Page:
When the oppressed then overthrows the social formation, which had fostered his or her oppression, what does he put in its place? The oppressed sets up the same social formation, which she had subverted. But having been used to subversion of any and all social formations, he subverts what he set up and makes a failure of it.

If all Revolutions make space for the rebels behind the Revolution, and so the social formation survives, that of the slaves must differ from all other Revolutions. The English Revolution beheaded the king and restored kingship thereafter. The English social formation continued but modified the power of the king or queen. The American Revolution rejected colonisation but accepted to live with the racial discrimination. The French Revolution proclaimed the equality of all but restored emperor Napoleon who sent soldiers to Haiti to restore slavery. The attempt to restore slavery in Haiti must have fired the terrible genocide to which whites were subjected to in the last years of that Revolution. It was terrible. It was inhuman. And it guaranteed that there would never be slavery again in Haiti. Two hundred years on, there is no slavery but poverty, disease, disorder and material deprivation have been the lot of Haitians. Is it possible to say that in the face of the catastrophe that is the nation-state of Haiti, would slavery have been preferable? Eewoo! Taboo-taboo! Unspeakable and unsupportable.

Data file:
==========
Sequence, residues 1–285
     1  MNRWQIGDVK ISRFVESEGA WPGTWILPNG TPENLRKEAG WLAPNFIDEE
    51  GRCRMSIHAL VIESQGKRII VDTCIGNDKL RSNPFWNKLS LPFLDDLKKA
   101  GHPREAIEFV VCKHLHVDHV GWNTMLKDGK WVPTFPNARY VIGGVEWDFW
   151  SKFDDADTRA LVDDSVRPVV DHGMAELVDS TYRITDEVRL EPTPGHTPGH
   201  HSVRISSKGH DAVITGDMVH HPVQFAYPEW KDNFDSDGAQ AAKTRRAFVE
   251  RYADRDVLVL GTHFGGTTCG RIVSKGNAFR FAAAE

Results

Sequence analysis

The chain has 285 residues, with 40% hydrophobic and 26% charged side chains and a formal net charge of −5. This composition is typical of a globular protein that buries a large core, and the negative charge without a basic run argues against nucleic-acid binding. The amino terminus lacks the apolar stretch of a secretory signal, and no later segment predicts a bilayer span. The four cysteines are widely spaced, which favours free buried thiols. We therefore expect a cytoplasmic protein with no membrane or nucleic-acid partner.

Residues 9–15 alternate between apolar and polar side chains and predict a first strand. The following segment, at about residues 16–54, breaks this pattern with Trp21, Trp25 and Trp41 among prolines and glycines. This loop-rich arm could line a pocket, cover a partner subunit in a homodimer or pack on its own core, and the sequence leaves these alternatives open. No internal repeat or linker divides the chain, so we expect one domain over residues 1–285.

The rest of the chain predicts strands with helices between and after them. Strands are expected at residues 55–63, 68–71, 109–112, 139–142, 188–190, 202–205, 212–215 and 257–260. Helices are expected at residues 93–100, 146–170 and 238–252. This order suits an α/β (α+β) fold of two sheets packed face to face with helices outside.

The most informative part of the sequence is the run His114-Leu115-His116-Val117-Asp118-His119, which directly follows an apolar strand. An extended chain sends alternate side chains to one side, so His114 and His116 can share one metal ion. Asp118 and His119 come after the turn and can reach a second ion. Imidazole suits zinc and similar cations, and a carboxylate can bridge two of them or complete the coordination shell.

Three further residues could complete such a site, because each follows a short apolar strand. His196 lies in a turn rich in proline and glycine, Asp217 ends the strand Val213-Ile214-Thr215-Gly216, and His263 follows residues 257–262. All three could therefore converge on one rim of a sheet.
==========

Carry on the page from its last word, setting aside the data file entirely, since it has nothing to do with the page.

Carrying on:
A new book calls us Africans and others to look at this matter closely once again. The book is entitled Dare Not Linger by Nelson Mandela, Mandela Lang’s and Graça Machel. This book comes out at a point in which the prime instrument of Mandela’s struggle, the African National Congress, is a disgrace to its history. It’s present leadership has opted for corruption and greed and self-destroying political competition as against the beautiful ideals spelt out in the Freedom Charter and the new South African constitution.

Dare Not Linger was the autobiography that Nelson Mandela was working on as he finished his single term of five years. He never finished it. Mandela Langa, a veteran of the South African struggle as well as a renowned novelist has taken the incomplete autobiography along with the extensive notes of the late President and completed the book. Mandela’s widow Graça Machel wrote the prologue.